William Bennett and Bill Kristol, two conservatives whom I (usually) admire, aren't as naked in their public statements as Keyes; that's because they have reputations to uphold. Keyes doesn't give a darn. It's interesting that Keyes and Kristol were classmates at Harvard; now, the former is considered a kook, while the latter a well-regarded conservative spokesman (except by the liberally biased ABC, which stupidly didn't renew his contract for This Week).

In February's Esquire, the writer of the ''Esky column" had this pleasant description of Keyes, after the requisite praise of McCain and poke at Bush: ''Whom are we forgetting? Well, at press time there was still Gary Bauer and Orrin Hatch. They're creepy. Oh, and that black fellow. The one who keeps accusing the media of ignoring him because he's black. We can't remember much about him, except he's black and he feels very passionately about slavery (enough to detect it in the tax-cut plan of Massah Bush'); now, good people can disagree, but we feel there's been sufficient legislation on the slavery problem.

You wouldn't know it from Al Gore operative Richard Berke, who moonlights as a reporter for The New York Times, but the debate was mostly a snooze, a repeat of past gatherings. Berke's Sunday story, headlined ''McCain Leads the Way as Republican Rivals Attack Bush,'' was misleading in implying that it was a fiery 90 minutes. Actually, there was more jocularity on Saturday than at any other debate. But Berke saw it this way: ''In a determined drive to slow the front-runner only nine days before the caucuses here, Gov. George W. Bush's rivals today questioned his credentials as a tax cutter and ridiculed his centerpiece plan to pare taxes by $483 billion over five years. The assaults were led by Senator John McCain, who warned that Mr. Bush's prescription favors wealthy Americans at the expense of lower- and middle-income tax payers --and would threaten the future of Social Security.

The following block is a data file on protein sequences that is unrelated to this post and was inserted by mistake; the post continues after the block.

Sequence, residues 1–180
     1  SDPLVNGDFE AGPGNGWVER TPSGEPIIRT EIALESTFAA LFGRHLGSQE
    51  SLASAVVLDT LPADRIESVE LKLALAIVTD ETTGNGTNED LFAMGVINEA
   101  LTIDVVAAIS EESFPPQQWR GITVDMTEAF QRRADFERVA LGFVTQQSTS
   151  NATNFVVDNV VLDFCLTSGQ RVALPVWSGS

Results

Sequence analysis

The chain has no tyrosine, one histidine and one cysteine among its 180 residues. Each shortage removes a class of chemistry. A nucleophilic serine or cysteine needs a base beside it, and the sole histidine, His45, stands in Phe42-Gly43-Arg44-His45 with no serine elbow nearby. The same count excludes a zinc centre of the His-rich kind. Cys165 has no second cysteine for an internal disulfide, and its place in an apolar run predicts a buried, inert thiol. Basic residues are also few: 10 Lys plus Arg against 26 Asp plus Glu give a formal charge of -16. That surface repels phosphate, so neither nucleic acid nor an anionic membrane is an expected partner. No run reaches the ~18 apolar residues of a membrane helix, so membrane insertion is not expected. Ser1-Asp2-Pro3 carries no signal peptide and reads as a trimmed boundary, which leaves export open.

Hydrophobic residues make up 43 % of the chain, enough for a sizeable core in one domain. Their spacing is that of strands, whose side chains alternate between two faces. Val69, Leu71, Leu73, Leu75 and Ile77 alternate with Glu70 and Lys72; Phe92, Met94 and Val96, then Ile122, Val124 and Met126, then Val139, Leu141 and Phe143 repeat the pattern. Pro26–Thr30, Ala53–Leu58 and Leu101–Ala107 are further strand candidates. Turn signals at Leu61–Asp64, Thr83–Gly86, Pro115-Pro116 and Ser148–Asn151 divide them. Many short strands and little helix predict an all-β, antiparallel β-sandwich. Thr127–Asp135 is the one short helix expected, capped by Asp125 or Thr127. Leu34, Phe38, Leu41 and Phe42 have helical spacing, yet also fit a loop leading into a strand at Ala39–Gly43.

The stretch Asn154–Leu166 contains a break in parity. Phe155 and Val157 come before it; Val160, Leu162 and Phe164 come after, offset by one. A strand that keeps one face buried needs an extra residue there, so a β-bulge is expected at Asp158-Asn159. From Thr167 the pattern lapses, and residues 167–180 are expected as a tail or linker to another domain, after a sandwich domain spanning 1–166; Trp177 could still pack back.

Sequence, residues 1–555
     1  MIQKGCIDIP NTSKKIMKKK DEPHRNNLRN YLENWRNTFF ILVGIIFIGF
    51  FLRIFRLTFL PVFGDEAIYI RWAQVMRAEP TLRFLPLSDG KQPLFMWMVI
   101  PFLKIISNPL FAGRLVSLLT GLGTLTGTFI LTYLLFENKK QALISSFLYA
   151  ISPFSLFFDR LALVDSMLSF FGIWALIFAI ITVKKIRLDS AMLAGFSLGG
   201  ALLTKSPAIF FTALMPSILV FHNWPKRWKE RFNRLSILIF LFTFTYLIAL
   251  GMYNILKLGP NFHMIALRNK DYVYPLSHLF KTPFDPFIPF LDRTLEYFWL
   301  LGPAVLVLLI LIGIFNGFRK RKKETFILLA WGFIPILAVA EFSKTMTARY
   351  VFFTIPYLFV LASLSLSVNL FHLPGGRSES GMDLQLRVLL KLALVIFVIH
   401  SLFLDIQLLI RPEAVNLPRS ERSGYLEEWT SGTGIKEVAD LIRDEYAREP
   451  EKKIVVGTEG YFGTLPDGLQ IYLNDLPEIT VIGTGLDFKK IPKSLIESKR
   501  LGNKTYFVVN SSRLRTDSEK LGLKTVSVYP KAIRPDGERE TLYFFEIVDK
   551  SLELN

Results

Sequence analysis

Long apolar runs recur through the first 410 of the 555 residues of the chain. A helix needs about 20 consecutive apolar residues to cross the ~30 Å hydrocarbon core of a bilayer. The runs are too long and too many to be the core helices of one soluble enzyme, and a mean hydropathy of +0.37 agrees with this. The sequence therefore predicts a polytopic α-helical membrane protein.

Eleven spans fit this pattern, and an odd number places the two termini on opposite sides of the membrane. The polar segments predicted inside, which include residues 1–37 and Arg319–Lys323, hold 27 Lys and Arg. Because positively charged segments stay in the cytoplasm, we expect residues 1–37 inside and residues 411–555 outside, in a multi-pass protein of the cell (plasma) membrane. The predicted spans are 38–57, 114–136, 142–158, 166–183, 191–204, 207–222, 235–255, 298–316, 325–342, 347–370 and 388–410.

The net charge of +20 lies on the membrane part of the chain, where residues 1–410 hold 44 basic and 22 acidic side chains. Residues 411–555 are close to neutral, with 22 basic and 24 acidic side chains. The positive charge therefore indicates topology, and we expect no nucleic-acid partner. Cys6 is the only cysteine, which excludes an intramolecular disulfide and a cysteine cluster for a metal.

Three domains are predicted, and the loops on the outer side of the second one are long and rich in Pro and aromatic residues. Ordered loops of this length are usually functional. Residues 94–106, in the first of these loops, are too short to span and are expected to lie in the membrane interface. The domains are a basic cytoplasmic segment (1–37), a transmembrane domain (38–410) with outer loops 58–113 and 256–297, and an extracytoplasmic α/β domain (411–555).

In reality, the debate was mostly a rerun, except that Bush was more confident, Forbes even more churlish and McCain fully morphed into a Democrat. McCain evokes class warfare when he attacks Bush's tax-cutting plan as simply a boon to the rich, which led Jack Kemp, still a GOP hero in some quarters despite his disastrous performance as Bob Dole's runningmate in '96, to say last week: ''John McCain, who's a friend of mine, has made a big mistake. He has suggested that cutting tax rates across the board is somehow bad for the economy.

And even Hatch, who's really getting on my nerves in the debates with his lame quips, the constant use of the phrase, ''The fact of the matter is,''and his insistence that he was Ronald Reagan's sole lieutenant in the 80s --Bauer does this too --said on Saturday, ''We could have gotten President Clinton to give a bigger tax cut than John McCain.''Hatch might've also mentioned that McCain, in the unlikely event he becomes president, plans to create a new Cabinet post, a ''reform czar,''to carry out his cleansing of the government. Now, that's a Republican idea: add another level of bureaucracy in Washington.

JWR contributor "Mugger" -- aka Russ Smith -- is the editor-in-chief and CEO of New York Press ( Send your comments to him by clicking here.

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© 2000, Russ Smith